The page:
That must be why he doesn’t know the difference between “everyday” and “every day”.
This reminds me of a famous incident (and probably, like most famous incidents, an apocryphal one too) that involved the Russians, the Americans and quite possibly the beginnings of détente.
The received story is that the CIA set up a computer to enable them to quickly and automatically translate to and from Russian. Searching for a suitable phrase to test the machine they came up with “Out of sight out of mind” (that, to digress, surely says a lot about the shortcomings of the CIA). They fed this into the computer which duly spat out some Russian (exactly what that was isn’t recorded, which surely says a lot about the shortcomings of language instruction in the English Speaking world) which they then fed back in. Out came the perfectly well-formed English phrase “Invisible imbecile”.http://howlandbolton.com/essays/read_more.php?sid=14
Who ws it said “If my dog had a face like yours I’d shave his ass and teach him to walk backwards.”?
I take it that Zardog is Sean Connery and Charlotte Rampling’s dog??
I should hope so! I don’t seem to be able to part with mine: I even have my first serious (well serious-ish) Nikkormat bought around 1970!My wife calls me a hoarder, no idea why…..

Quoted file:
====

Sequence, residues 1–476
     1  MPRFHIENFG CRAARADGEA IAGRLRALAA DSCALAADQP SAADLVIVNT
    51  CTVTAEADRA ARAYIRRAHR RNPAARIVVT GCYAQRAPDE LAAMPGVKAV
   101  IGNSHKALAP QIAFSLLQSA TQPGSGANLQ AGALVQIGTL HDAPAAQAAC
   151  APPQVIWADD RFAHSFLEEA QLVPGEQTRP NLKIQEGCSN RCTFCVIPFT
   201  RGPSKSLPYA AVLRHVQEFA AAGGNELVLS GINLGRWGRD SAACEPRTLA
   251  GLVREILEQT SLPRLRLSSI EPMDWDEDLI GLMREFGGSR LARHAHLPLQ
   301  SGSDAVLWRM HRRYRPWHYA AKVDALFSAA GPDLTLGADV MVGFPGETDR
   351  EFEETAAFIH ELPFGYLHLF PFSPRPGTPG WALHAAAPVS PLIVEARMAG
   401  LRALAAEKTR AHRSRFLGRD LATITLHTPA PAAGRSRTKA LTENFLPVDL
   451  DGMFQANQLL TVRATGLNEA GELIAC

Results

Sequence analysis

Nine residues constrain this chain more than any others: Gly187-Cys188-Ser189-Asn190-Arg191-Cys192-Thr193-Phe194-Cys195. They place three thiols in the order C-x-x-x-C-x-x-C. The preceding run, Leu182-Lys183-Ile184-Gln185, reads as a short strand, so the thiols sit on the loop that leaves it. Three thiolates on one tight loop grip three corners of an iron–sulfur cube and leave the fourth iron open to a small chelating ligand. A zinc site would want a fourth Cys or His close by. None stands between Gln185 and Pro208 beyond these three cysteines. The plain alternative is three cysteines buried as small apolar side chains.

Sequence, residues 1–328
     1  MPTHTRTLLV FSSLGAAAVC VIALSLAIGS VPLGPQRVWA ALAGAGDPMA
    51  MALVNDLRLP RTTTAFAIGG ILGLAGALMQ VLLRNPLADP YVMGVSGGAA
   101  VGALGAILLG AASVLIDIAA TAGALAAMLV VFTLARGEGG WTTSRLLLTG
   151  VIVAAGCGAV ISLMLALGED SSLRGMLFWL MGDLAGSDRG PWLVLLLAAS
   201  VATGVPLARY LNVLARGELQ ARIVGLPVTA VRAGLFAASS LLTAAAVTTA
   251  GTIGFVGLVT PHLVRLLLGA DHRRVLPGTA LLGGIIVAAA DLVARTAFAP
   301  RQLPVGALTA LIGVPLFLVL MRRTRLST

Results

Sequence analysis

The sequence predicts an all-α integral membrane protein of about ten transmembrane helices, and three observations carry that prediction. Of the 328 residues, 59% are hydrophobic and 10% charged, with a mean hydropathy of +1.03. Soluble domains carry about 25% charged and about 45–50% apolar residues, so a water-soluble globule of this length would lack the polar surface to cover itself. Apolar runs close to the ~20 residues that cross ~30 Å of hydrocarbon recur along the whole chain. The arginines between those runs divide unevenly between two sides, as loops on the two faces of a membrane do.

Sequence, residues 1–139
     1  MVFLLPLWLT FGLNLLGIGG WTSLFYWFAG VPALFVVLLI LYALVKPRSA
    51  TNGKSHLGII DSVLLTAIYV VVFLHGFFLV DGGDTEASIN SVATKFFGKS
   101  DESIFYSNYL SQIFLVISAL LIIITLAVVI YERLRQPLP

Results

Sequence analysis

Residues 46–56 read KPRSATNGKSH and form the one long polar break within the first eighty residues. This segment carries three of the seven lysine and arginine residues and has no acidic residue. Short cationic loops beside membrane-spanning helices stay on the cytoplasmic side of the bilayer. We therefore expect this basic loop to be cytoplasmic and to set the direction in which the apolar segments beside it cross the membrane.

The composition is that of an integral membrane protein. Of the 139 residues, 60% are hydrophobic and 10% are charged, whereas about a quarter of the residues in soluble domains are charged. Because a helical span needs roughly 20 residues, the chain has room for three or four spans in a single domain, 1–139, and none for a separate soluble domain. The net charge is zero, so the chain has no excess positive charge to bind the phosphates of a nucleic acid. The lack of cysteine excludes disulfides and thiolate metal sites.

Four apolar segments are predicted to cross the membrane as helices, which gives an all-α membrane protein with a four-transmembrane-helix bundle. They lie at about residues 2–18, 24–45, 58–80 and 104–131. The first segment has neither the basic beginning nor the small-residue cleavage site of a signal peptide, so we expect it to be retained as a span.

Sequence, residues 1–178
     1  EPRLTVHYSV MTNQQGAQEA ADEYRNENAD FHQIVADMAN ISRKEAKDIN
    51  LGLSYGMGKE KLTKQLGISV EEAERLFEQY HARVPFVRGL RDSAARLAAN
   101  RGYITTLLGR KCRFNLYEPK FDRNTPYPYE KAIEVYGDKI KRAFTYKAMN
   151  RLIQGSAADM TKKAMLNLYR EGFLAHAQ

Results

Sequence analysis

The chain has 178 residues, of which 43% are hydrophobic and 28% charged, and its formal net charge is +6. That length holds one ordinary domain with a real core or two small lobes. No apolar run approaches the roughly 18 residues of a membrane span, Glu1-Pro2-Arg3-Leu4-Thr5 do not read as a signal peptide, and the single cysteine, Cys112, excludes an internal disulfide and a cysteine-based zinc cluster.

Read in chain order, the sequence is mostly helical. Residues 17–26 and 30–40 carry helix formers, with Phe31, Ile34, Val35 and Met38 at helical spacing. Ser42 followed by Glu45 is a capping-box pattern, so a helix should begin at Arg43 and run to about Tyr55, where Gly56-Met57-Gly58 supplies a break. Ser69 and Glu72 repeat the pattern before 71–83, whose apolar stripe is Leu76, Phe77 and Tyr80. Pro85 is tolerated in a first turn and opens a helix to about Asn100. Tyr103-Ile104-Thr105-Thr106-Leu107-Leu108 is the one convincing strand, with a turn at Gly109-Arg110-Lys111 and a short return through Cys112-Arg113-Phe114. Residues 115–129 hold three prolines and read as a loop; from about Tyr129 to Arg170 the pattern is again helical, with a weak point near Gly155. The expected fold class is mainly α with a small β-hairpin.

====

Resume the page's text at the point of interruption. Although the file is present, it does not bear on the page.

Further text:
I’m not that weird. I have a ground glass WITHOUT grid lines!! :-)
TTV. I’ve done a lot of that with my old sinar!
That nice Mr Abbott having just FORBIDDEN us to wear masks, it’s time for all TRUE TEXANS to prove they are RED-BLOODED FREEDOM-LOVING TEXANS by wearing a mask ALL THE TIME.I know they’ll get my mask when they TEAR OUT THE STAPLES FIXING IT MY COLD DEAD FACE!
Back in the C18 the great Dr Johnson reported, as a ludicrous saying, about the runaway success of the Beggar’s Opera (written by John Gay and somewhat reluctantly produced by John Rich) that “It made Gay rich and Rich gay”.That sounds so much racier now-a-days!
According to Wiktionary (I’m feeling lazy and it’s easy)HedEtymology 1Deliberately altered spelling of head, to distinguish the word as not belonging in a journalistic story. Compare lede (“lead, introduction”). Also an archaic spelling.Noun
hed (plural heds)